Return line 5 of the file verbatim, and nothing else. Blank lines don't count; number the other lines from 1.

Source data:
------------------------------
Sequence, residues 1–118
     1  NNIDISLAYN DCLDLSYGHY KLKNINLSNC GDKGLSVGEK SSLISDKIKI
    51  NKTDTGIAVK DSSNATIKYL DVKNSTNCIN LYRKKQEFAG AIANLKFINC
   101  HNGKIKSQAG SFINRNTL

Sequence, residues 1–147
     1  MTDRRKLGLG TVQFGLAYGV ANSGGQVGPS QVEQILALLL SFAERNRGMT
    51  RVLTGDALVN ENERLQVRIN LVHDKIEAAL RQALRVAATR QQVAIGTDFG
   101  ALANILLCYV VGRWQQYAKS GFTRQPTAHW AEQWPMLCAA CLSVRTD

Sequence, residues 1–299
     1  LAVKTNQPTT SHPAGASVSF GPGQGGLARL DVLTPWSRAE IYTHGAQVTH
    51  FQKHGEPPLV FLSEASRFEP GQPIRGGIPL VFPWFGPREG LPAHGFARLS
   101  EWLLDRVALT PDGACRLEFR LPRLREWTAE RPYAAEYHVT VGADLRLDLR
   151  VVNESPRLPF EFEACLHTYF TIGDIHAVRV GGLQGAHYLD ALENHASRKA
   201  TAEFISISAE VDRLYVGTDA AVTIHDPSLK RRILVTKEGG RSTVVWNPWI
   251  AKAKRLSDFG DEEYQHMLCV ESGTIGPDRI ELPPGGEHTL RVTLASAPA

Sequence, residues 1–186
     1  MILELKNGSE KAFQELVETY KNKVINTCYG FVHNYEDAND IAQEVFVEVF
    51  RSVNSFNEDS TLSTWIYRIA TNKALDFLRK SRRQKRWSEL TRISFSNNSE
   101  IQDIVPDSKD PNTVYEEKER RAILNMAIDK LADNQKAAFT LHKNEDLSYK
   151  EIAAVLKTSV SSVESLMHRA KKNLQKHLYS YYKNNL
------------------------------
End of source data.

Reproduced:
Sequence, residues 1–147